If you aren’t familiar with the Homeschooling A-Z series, you can start here: What is she talking about?
Today I’m continuing the Homeschooling A-Z theme, with the intention of demonstrating that homeschooling families have so many similarities, and yet it’s what makes each family unique that makes homeschoolers so special. Can you relate to any of this?
Today’s letter of the day is … M!
In most home schools, M is for Mom. Mom, Momma, Mommy. Whatever you call her, most homeschool teachers are of the female persuasion. That doesn’t mean there isn’t a random dad out there who’s the primary teacher, but they just don’t look the same in their denim jumpers, know what I’m sayin’? That said, I know the dads play different roles in each family. Substitute teacher, principal, superintendent, personal assistant, financial manager, custodian, cook, disciplinarian, chief bottle washer. What role does Dad play at your house? In our house, Dad plays all of those roles except disciplinarian and financial manager. He also teaches really useful life skills while I sneak away to my bedroom for some peace and quiet.
(M is for “Momma needs her quiet!”)
In addition, M is for mistakes. We all make mistakes! We spend money on a resource that doesn’t work for us, we yell when patience would be more effective, we employ constructive criticism right when the child actually needs encouragement and praise, or vice versa. One of the first things I found myself teaching my kids when we started homeschooling was that mistakes are ok. We had a sign that reminded us that “Mistakes are opportunities to learn.” I’ve always tried to be very forgiving about mistakes, being very nonchalant about them. My kids have heard me say many times, “Oops. Let’s try that again!” in a cheerful voice. I’d much rather have my mistakes handled that way, and I’m sure they will appreciate my approach someday. How do you handle mistakes?
Oy. Sometimes M is for miserable. Let’s just admit it. Some days we just feel miserable. We don’t always know why. Maybe we’ve been stuck in the house too many days in a row. Maybe we’re second-guessing our decisions. Maybe we’ve abandoned our schedules and now no one knows what to do with themselves. Whatever it is, let me reassure you: the misery will end. No need to panic! My advice is to roll with it. Take the day off, troll through Pinterest looking for words of inspiration or ideas that will motivate, turn on some music and dance, or curl up in bed with a movie or a book. Dumping the written work for the day and playing board games or reading books instead has an amazing ability to lift us from the doldrums. Even with my kids being in middle school, I can still pull out a stack of funny picture books and all of our spirits are lifted by the time we’re done. We all have miserable days now and then. (And sometimes weeks!) FYI: If your misery is lasting months on end, you might be suffering from depression and I hope you can find the strength to reach out and ask for help. You’re definitely not alone or unique in that respect. Many others have been there and are willing to help.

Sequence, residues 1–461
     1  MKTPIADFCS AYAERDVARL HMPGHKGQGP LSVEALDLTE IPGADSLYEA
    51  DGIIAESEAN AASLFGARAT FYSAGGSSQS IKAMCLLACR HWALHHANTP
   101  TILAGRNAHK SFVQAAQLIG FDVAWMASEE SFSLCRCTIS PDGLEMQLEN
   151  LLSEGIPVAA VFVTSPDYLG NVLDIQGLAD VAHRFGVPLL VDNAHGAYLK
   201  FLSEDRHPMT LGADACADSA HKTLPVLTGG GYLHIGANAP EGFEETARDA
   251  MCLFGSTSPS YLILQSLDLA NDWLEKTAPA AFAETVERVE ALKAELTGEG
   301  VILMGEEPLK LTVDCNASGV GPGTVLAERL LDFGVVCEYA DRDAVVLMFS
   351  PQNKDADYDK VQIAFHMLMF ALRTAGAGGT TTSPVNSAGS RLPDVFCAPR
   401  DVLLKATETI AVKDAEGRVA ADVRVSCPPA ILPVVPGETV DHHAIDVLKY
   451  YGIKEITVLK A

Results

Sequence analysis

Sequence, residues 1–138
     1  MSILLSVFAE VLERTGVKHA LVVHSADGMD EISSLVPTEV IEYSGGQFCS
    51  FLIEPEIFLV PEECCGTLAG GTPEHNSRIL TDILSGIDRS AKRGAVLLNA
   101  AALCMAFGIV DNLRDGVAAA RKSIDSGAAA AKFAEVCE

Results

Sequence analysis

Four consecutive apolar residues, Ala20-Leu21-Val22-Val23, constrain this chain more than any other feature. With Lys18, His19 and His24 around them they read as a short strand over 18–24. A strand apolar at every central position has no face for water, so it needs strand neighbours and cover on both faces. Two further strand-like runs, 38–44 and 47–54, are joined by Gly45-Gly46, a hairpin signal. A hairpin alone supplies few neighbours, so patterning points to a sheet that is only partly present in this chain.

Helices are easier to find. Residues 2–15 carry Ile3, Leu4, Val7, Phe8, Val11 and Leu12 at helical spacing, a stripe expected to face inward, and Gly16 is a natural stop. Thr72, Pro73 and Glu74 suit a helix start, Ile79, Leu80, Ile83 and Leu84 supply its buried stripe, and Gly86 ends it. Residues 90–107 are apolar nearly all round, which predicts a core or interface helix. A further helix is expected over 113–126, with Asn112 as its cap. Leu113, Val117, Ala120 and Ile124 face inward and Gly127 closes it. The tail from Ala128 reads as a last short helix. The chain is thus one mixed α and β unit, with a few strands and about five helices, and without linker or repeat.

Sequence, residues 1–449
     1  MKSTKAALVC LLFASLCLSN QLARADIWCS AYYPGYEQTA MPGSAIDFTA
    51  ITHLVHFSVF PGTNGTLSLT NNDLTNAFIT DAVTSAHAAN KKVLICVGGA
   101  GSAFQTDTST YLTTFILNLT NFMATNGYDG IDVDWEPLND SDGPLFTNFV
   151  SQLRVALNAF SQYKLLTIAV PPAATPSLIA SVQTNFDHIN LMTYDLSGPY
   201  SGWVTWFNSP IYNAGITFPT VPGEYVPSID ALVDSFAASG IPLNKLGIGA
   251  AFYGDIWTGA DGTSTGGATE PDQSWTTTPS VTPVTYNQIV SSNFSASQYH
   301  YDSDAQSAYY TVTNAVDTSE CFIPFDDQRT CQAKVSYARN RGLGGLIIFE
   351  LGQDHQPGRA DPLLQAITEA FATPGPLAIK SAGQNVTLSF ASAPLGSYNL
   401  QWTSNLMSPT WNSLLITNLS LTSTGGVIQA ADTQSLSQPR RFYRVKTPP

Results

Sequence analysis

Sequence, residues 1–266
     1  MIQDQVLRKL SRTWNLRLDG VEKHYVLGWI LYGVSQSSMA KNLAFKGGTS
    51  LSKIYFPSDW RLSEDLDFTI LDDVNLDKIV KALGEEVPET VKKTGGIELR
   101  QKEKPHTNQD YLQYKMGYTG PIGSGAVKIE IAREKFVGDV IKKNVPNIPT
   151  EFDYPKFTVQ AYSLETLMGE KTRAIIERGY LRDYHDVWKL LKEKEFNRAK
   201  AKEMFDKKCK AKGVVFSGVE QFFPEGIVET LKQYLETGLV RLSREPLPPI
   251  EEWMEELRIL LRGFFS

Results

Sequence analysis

Do you ever feel like M is for magic? I don’t mean the hocus-pocus stuff. I mean those magical moments when something clicks with your kids. I mean that day when you suddenly realize that you really did teach your child to read! I’m talking about what it feels like when your child instantly clicks with another homeschooler and you know you’re witnessing the birth of a new friendship. Those moments feel like magic.
M is for madness. That’s what I call those “semesters” (for lack of a better word) when we accidentally sign our kids up for too many outside activities and schedule too many playdates. Suddenly there’s not enough time for the math and spelling because we’re running to art and dance and soccer and youth group and the theater and the library and yet another field trip. Everyone’s first argument against homeschooling is the lack of socialization, but they should really be worried about our lack of downtime!
Just a few more quickies here: M is for: music – because it can soothe the savage beast, inspire, grow brain cells, and stimulate the synapses; money – some can find ways to homeschool for free, but you have more choices if you can find a little something in the budget to purchase what you need; and mopping – a great chore you can give a child of any age! If you knew how infrequently my floors get mopped, you would understand that even done poorly, but proudly, by a toddler, everyone will still live. A little dirt never hurt!
Speaking of mopping, what is a chore you assign to the kids because you really just hate to do it yourself? (Mine is emptying the dishwasher.)
Happy homeschooling, Friends!
~ Courageous Jane
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